JMU Times

Studying in Germany at the Julius Maximilian University of Würzburg

Johanna Müller
Johanna Müller
Robert Kratzer
Robert Kratzer

Freud is old hat

Psychology in Würzburg? That means you are at the cutting edge of research every day. Work in small groups and a large academic staff make this possible.

When she first came here, Johanna Müller could hardly believe her eyes. The Psychology student had come from Kiel to study in Würzburg. What really convinced her was when one lecturer spent a whole semester with her and only seven other students to teach her the statistics and analysis software SPSS.

“The teaching staff spend an incredible amount of time with us,” Johanna reports. The 22-year-old has just finished her fourth semester and already completed three research practicals. “If you want to get some insight into research while you are still at university, Würzburg is the place to be,” Johanna tells us. Johanna has not even spent five minutes with Freud, who preferred his patients on the couch. Robert Kratzer, a Bachelor student, agrees.

Very familiar atmosphere

Würzburg’s leading position in Psychology is regularly confirmed by the rankings. Of course, the quality of the teaching is not unrelated to the size of the student intake. Johanna studies together with 55 others in her year, and in Robert’s year there are 72, so that there is a very familiar atmosphere. “We all know each other,” he says.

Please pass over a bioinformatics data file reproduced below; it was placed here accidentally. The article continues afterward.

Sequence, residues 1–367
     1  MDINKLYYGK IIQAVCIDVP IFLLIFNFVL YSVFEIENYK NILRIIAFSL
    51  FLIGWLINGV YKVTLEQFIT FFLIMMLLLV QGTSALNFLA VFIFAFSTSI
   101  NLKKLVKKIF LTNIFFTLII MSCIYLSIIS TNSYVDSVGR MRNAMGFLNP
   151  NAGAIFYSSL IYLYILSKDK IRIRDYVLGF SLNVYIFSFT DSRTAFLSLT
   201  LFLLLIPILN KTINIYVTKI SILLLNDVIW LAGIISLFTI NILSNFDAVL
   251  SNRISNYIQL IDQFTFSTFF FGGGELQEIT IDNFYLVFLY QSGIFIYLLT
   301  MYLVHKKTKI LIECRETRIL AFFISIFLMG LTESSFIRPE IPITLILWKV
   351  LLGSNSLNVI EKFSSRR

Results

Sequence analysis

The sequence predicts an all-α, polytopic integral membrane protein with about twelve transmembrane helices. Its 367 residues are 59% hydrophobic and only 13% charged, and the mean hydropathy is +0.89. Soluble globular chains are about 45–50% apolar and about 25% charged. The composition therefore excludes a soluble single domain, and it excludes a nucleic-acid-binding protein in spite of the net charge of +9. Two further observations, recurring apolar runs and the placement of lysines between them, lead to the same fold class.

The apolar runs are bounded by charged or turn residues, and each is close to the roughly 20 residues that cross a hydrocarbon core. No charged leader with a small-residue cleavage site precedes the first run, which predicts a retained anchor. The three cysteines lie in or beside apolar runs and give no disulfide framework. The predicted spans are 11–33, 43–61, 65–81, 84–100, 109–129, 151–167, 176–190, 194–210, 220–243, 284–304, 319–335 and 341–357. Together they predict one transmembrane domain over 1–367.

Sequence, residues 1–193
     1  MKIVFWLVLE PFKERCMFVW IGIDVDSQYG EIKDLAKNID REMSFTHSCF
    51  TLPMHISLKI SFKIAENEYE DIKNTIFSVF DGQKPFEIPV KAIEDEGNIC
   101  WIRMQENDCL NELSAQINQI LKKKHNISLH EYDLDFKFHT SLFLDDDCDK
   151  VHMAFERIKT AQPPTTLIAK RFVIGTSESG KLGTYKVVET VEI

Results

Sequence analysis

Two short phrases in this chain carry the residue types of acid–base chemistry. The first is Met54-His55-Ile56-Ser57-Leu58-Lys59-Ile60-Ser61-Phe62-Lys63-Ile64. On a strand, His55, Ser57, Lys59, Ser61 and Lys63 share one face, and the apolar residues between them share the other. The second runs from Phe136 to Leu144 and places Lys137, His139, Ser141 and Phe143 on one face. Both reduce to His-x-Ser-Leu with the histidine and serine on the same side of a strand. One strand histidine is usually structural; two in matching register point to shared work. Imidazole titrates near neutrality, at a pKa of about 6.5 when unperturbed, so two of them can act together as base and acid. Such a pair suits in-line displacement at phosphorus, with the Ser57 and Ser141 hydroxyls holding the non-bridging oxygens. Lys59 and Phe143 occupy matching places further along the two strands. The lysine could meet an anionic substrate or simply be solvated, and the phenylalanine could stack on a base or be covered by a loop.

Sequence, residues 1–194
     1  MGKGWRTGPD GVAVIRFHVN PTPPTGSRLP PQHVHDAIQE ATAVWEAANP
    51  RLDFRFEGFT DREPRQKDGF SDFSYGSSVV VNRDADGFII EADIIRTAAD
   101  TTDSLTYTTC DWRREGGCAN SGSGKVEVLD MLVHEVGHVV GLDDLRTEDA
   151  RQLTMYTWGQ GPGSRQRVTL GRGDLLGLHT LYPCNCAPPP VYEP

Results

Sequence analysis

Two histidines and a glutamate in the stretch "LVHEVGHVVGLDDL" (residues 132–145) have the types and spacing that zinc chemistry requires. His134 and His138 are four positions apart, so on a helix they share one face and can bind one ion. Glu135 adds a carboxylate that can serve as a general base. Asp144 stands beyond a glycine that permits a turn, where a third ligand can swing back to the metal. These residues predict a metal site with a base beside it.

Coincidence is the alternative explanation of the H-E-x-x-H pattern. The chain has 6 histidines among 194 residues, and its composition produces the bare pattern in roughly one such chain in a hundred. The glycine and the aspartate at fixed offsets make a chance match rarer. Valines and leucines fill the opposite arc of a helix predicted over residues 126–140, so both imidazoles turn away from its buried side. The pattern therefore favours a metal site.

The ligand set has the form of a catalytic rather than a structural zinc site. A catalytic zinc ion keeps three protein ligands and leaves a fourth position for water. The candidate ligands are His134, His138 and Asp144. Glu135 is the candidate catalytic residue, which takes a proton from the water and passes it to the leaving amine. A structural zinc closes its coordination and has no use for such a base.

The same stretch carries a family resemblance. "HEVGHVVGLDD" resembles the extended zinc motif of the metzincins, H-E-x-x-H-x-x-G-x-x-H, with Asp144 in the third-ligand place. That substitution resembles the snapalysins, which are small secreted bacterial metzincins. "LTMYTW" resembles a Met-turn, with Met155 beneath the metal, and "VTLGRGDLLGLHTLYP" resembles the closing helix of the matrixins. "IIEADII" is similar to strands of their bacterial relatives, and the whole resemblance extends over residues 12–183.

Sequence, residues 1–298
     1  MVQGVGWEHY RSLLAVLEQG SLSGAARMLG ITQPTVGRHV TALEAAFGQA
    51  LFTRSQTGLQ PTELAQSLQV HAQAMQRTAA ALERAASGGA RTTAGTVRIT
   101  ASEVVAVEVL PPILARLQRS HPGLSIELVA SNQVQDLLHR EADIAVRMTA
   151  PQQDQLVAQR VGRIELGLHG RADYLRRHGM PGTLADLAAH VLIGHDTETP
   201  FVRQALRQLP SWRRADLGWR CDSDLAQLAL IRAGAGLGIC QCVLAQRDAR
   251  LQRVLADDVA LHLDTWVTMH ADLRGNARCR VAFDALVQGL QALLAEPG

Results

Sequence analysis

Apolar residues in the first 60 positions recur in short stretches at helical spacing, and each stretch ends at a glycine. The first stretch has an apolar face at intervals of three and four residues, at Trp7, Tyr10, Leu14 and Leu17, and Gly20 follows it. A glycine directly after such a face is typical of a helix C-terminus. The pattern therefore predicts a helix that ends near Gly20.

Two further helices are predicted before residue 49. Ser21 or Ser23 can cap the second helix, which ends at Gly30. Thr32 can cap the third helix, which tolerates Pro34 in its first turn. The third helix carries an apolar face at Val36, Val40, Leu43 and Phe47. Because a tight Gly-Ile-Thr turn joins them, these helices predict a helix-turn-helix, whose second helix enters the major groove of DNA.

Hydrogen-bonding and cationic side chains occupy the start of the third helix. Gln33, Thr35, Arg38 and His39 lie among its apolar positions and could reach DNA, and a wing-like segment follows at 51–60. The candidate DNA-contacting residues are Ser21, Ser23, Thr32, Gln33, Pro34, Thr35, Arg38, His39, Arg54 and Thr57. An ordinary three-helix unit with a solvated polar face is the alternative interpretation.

Size of the city is perfect

Why did Johanna come to Würzburg? She does not have to consider long: “The size of the city is perfect. Not too big, not too small.” Then there is the flair of an old historical town with its Residence, its traditional pubs and bars and the many festivals.

Robert is in a wheelchair and the accessiblity of the buildings clinched it for him. “All in all the buildings are pretty well furnished with ramps and lifts,” he says. Würzburg compares well with other West-German universities and if there are a few steps to overcome, other students are always there to help.

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